A still photo of Yiyun Kang's projection onto the huge Roman column of the V+A's Cast Court. Courtesy of the artist and the museum.

A still photo of Yiyun Kang’s projection-mapping project with the huge Roman column of the V+A’s Cast Court. Courtesy of the artist and the museum.

Yiyun Kang’s Casting installation, in which she projects lighting effects with pinpoint accuracy onto the complex 3-dimensional surfaces of Roman and medieval sculptures, is a slightly eerie and a very special experience.

The technique, known called projection-mapping, requires painstaking measurements of the target surface to be taken, to ensure that the projection is not distorted by the complex geometry. Needless to say, it’s all computer-controlled, and here’s what the artist’s MacBook was looking like during the projection onto the Roman column:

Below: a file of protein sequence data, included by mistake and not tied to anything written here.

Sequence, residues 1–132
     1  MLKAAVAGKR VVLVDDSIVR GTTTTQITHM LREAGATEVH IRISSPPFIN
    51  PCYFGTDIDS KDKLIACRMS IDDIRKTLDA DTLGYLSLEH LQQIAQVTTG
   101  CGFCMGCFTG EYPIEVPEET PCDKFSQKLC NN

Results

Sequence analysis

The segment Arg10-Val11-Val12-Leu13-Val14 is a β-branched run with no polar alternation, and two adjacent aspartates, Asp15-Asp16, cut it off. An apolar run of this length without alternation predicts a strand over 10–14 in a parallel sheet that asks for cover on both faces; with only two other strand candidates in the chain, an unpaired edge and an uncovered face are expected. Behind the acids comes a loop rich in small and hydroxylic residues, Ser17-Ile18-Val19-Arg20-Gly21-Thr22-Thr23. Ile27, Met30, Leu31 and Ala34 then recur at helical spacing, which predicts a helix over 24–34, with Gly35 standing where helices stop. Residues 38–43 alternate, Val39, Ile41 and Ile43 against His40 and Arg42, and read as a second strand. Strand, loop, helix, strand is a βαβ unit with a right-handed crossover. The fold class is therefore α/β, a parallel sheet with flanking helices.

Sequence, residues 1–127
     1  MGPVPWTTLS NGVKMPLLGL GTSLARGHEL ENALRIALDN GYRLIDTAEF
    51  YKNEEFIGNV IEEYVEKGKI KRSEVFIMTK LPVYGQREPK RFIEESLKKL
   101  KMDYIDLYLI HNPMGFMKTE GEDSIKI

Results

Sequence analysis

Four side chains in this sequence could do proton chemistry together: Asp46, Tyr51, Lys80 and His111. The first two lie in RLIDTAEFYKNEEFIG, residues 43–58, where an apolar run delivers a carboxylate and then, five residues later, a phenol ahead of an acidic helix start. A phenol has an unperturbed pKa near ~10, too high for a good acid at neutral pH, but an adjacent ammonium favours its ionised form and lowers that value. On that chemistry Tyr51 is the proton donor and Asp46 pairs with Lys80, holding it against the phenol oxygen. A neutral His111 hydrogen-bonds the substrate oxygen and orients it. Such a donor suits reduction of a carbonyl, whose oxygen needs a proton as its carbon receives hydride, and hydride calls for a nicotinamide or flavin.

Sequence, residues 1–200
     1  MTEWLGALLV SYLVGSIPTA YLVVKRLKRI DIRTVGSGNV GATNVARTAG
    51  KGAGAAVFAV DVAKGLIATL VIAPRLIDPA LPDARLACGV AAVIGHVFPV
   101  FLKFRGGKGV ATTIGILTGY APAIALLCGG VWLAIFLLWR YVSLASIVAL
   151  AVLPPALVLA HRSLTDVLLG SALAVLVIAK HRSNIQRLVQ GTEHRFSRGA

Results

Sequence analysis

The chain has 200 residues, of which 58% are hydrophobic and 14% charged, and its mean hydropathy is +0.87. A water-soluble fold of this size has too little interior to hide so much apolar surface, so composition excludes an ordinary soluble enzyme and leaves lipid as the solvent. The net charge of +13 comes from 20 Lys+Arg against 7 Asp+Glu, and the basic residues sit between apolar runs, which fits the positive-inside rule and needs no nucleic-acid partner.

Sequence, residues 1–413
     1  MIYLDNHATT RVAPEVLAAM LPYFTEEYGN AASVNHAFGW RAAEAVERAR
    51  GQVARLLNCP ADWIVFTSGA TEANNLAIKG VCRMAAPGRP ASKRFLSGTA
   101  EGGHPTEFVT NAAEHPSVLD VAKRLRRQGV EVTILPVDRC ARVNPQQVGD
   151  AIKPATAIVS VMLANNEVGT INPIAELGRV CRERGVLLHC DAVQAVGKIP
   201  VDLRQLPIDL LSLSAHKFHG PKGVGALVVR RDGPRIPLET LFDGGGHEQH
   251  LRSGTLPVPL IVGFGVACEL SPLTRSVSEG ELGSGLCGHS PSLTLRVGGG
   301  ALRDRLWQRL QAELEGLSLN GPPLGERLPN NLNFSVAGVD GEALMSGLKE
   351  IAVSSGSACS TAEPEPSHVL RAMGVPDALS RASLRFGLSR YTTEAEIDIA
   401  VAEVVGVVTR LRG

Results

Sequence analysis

The Mac working hard to control the complex projection mapping onto the Roman column

The Mac working hard to control the complex projection mapping onto the Roman column

There will in due course be an official video, including interviews with the artist, to document her project in the Cast Court of the V&A. Until that time, here’s a very bad video using my mobile phone, taken during the project’s viewing on 12 February. Unfortunately the phone has given everything a green tinge which, as I don’t have any video editing software, I can’t get rid of.

There is another opportunity to see the installation on 18 March. Make sure you go.

Full details of the project are posted here, and you can also learn the techniques of projection mapping from the artist herself at a V&A workshop. Details in the link. You can find the V+A’s official video of Kang’s residency here.

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